What Is a Board of Governors?
A board of governors is a group of people that oversees or manages the running of an institution. The U.S. Postal Service, the BBC, the World Bank, numerous colleges and universities, as well as professional organizations—such as the CFA Institute—and regulatory bodies, such as the Financial Industry Regulatory Authority (FINRA), all have boards of governors.
In the financial world, the best-known board of governors is that of the Federal Reserve, the U.S.’s central bank.
- A board of governors is a group of people appointed to oversee an organization's operations, including financial matters.
- The most well-known board of governors is the Federal Reserve, whose responsibilities include analyzing domestic and international economic developments and overseeing operations of the Federal Reserve Banks.
- A board of directors, with roles similar to a board of governors, is an appointed group that oversees a corporation's business.
- Most often, a board of governors is elected by shareholders of a company or upper management of an institution. In the case of the U.S. Federal Reserve, the President nominates the board and the Senate confirms them.
- A competent and well-organized board of governors is seen as a key component of the success of an organization.
Understanding a Board of Governors
The U.S. central bank's board of governors is composed of seven individuals who are appointed by the president and confirmed by the Senate. Members of the board of governors serve 14-year terms, running on a staggered basis to ensure continuity.
Only one governor can represent a Federal Reserve District.
Legally, appointments to the board are to consist of a "fair representation of the financial, agricultural, industrial, and commercial interests and geographical divisions of the country.” In practice, appointments have predominantly been of academics and former banking professionals.
Duties of the Federal Reserve Board of Governors
The board of governors has seven of the 12 seats on the Federal Open Market Committee (FOMC), the body responsible for setting U.S. monetary policy. The current Federal Reserve Board only has six members, with one vacancy. The presidents of five of the 12 regional reserve banks make up the remaining members of the FOMC. The chair of the Fed’s board of governors is responsible for chairing the FOMC.
The Federal Reserve Board analyzes domestic and international economic developments, supervises and regulates the operations of the Federal Reserve Banks, has responsibility for America's payments system, and oversees and administers most consumer credit protection laws.
The board has authority over changes in reserve requirements, and it must approve any change in the discount rate initiated by a Federal Reserve Bank.
Members of the board frequently testify before congressional committees on the economy, monetary policy, banking supervision and regulation, consumer credit protection, and financial markets. Also, they are responsible for supervising the work of the regional Fed banks, including approving budgets and appointing directors.
Chairs of the Board of Governors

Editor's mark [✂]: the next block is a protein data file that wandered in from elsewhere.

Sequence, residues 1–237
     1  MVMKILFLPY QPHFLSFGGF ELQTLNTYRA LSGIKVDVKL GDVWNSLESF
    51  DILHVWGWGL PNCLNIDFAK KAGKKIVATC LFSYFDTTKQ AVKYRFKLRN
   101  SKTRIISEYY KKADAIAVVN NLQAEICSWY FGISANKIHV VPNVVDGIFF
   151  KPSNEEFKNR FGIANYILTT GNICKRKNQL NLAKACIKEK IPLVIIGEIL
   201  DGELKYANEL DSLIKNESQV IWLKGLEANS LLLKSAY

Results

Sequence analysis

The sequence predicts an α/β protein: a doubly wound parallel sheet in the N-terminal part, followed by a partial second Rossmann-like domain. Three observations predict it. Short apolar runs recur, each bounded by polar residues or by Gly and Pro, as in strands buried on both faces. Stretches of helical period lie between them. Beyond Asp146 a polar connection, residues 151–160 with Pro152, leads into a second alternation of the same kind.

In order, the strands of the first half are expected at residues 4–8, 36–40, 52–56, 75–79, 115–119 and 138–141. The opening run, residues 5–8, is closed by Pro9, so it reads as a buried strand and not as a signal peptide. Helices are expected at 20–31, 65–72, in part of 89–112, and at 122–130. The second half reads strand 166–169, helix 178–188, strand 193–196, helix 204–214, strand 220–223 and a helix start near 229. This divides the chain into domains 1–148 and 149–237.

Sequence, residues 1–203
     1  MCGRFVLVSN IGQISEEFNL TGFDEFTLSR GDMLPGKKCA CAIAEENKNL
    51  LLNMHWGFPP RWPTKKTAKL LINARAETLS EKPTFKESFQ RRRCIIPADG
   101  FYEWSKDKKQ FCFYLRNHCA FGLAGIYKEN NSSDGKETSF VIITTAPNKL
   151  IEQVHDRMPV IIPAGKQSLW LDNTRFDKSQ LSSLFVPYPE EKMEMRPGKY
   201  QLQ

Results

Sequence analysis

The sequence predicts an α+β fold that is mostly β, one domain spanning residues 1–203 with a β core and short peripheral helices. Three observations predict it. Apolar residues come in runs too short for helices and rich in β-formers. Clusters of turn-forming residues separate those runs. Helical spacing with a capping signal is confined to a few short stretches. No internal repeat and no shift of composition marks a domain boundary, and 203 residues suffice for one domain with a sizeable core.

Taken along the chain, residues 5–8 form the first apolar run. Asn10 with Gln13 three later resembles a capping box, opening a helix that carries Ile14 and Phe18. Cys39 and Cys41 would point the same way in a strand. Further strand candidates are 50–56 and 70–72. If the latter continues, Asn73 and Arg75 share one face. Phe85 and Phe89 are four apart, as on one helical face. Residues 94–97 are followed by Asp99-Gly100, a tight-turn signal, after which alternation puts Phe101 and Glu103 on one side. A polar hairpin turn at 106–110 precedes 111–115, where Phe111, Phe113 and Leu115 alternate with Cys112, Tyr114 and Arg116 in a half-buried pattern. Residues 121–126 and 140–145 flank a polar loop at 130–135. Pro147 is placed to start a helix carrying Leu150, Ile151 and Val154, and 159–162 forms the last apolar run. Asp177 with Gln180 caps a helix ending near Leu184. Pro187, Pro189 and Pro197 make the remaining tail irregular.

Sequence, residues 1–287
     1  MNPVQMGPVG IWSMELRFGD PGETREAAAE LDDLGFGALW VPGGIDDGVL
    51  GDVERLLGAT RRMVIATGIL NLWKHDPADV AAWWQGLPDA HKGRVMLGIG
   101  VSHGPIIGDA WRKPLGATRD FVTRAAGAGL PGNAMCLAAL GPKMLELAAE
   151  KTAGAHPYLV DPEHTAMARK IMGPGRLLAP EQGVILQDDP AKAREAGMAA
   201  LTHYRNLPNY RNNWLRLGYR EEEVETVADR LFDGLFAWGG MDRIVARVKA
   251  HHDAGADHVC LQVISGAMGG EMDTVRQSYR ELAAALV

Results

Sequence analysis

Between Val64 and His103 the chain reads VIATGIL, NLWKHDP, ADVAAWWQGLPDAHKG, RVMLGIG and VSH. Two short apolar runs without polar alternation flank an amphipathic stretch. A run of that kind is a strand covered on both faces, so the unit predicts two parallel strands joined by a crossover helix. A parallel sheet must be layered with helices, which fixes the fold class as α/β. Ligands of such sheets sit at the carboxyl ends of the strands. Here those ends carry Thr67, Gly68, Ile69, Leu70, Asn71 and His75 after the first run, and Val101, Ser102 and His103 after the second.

The current Federal Reserve Chair is Jerome Powell. Recent, notable chairs of the Fed’s Board of Governors include Janet Yellen, the first female chair to be appointed, who served from 2014–2018; Ben Bernanke, who led the Fed from 2006-2014, overseeing a range of unconventional monetary policy actions to address the financial crisis of 2007-2008 and the recession that followed; and Alan Greenspan, whose time as chair spanned nearly 20 years and four presidential administrations.
There have been a total of 16 Chairs of the Board of Governors of the Federal Reserve of the United States.
Board of Governors vs. Board of Directors
Non-profit organizations, government divisions, and higher academic institutions typically have a board of governors, rather than a board of directors, as their governing body. Corporations, as required by law, have a board of directors appointed to oversee financial decisions and business operations.
Often, when two or more boards exist within an entity, the board of governors reigns supreme as the decision-making authority.
Board of Governors FAQs
How Many Governors Can Serve on the Board of Governors of the Federal Reserve?
A maximum of seven governors can serve on the Board of Governors of the Federal Reserve.
Who Nominates and Confirms the Fed Board of Governors?
The governors of the Board of Governors of the Federal Reserve are nominated by the President of the United States of America and confirmed by the U.S. Senate.
Why Are the Fed Governors Appointed for Staggered 14-Year Terms?
The purpose of the staggered terms is to ensure stability and continuity over time."
Who Are the Current Board of Governors?
The members of the current Board of Governors of the Federal Reserve are Jerome H. Powell, Richard H. Clarida, Randal K. Quarles, Michelle W. Bowman, Lael Brainard, and Christopher J. Waller.
Who Is the Current Chair of the Federal Reserve?
The current chair of the Federal Reserve is Jerome H. Powell.
What Are the 12 Banks of the Federal Reserve?
The 12 banks of the Federal Reserve are the Federal Reserve Banks of San Francisco, Minneapolis, Dallas, Kansas City, St. Louis, Chicago, Cleveland, Atlanta, Boston, New York, Richmond, and Philadelphia.
The Bottom Line
A board of governors is a group of highly qualified individuals that are responsible for overseeing and managing an institution. Most institutions, from corporations to nonprofit organizations to media outlets to government bodies have a board of governors. The most well-known board of governors is that of the U.S. Federal Reserve Board.